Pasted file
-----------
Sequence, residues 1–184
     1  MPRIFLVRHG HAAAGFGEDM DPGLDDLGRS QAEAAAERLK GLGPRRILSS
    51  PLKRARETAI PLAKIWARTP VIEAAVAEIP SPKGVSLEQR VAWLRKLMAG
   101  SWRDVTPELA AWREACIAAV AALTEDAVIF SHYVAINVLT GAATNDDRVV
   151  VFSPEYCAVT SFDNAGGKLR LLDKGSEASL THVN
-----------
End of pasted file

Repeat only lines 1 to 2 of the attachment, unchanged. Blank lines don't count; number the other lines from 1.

Sequence, residues 1–184
     1  MPRIFLVRHG HAAAGFGEDM DPGLDDLGRS QAEAAAERLK GLGPRRILSS